Illustration; Source: Eco Atlantic

Oil & gas firm picks up block in ‘prolific’ Orange Basin and drops another one in South Africa

AIM-listed and Canada-headquartered oil and gas company Eco (Atlantic) Oil & Gas has set the wheels into motion to take over a majority stake and operator role at an offshore block in the Orange Basin, which is said to be on trend with recent giant oil discoveries offshore Namibia. The firm is also giving up its interest in another block off the coast of South Africa.

Illustration; Source: Eco Atlantic

Eco, through its subsidiary Azinam, has set the stage to farm into and acquire a 75% working interest (WI) in Block 1 offshore South Africa from Johannesburg-headquartered Tosaco Energy, enabling it to become the operator of a new exploration right. The African firm intends to transfer its remaining 25% stake to OrangeBasin Oil and Gas, a newly formed South African entity with a broad-based black economic empowerment (B-BBEE) rating.

The terms of the farm-in acquisition stipulate that $150,000 is payable upon signing, $225,000 upon issuance of Section 11 government title transfer, and $375,000 is payable upon a TSX-V/AIM compliant resource report to be commissioned by the AIM-listed firm, which will carry the remaining 25% interest through the budget and work program for the first three years up to an agreed sum of $2.3 million of a total work program.

As the block is said to have significant 2D and 3D seismic data already completed and no additional seismic acquisition or drilling of wells planned in the three-year carried period, Eco will complete the interpretation and analysis required for its planned work program with its in-house exploration team during this period. This acquisition is subject, among others, to standard governmental approvals. Currently, no planned field activity requires environmental permitting.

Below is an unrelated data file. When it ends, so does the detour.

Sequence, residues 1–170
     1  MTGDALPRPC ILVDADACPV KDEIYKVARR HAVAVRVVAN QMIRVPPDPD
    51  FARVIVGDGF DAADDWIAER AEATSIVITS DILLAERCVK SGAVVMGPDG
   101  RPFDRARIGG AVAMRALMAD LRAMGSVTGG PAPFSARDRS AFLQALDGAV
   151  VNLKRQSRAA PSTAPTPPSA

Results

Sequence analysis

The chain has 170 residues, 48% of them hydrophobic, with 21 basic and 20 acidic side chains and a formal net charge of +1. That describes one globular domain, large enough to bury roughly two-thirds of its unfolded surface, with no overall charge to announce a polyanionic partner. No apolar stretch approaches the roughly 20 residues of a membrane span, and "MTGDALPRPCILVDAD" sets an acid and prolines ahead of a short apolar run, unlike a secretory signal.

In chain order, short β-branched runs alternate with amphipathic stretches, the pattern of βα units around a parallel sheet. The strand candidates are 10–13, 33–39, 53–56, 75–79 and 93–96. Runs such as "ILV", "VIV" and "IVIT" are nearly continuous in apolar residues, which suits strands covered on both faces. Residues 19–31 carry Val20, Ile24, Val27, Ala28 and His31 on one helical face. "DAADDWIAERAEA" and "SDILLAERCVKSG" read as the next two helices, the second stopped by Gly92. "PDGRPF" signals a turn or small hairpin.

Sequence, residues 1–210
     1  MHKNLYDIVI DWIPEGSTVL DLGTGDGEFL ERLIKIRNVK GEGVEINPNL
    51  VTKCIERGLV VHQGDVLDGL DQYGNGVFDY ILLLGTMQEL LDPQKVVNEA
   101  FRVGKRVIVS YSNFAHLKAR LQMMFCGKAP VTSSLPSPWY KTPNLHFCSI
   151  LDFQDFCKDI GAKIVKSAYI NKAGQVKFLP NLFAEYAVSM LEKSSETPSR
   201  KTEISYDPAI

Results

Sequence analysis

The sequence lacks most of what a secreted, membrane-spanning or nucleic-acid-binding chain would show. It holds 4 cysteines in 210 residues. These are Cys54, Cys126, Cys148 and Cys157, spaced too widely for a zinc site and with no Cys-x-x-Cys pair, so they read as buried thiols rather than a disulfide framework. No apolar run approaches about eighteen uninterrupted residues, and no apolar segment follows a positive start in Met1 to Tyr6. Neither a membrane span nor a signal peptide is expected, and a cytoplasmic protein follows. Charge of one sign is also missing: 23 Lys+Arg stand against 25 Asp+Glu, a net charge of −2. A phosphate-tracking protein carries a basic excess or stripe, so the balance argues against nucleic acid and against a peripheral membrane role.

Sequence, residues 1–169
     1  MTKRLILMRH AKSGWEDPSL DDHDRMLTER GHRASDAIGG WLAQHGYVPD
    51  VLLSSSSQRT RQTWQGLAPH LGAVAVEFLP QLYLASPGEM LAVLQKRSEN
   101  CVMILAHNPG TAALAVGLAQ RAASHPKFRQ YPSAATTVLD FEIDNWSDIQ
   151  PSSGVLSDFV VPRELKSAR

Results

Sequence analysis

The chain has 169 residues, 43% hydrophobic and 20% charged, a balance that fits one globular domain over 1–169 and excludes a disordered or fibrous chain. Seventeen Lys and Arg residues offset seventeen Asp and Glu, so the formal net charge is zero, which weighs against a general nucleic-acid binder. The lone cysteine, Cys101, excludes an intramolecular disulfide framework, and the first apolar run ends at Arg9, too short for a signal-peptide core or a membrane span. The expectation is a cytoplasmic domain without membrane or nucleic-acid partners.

Colin Kinley, Co-founder and Chief Operating Officer of Eco Atlantic, commented: “The Orange Basin continues to prove to be one of the newest and most prolific plays in the world and is running similar statistics to our Guyana play. Following completion of this farm-in, Eco will have one of the largest blocks in the entire Orange Basin.

“This is a strategic play for Eco that we have worked on over the past year, focussing on both oil and gas potential, and where we believe there are significant near shore prospective gas resources. There are inboard gas discoveries on the block, Kudu to the North, and multiple discoveries in the Ibhubesi field to the South.”

Covering 19,929 km2 in area, Block 1 is located in the Orange Basin on the Namibian border in South Africa. While the eastern side of the triangular-shaped block is approximately 174 km off the South African shoreline, the block stretches out some 263 km west into deep water in the Orange Basin.

“With the reach of the block some 250 km out into the Atlantic, this puts the west end of the block into highly prospective opportunities for oil being just south and on trend with Shell’s Graff discovery and Galp’s Mopane discoveries, and North of our 3B/4B Block oil targets recently farmed out to TotalEnergies and QatarEnergy,” added Kinley.

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Meanwhile, Eco has confirmed that it is relinquishing its 50% operated interest in Block 2B offshore South Africa, where it drilled its 2022 Gazania-1 well, offsetting the AJ-1 oil discovery. The firm has informed the Petroleum Agency of South Africa (PASA) about this and completed all necessary documentation and environmental audits.

This decision was taken as Eco’s board considers Block 2B to be a non-core asset in the portfolio given the company’s interests in Block 3B/4B and Block 1 in South Africa, and its assets in Namibia and Guyana. Following acceptance of the relinquishment by the PASA, the firm will have no further liability for Block 2B.

The Orange Basin has become an exploration hotspot lately with TotalEnergies’ Venus-1, Shell’s Graff-1, La Rona, and Jonker-1X, along with Galp’s Mopane oil discoveries coming to light.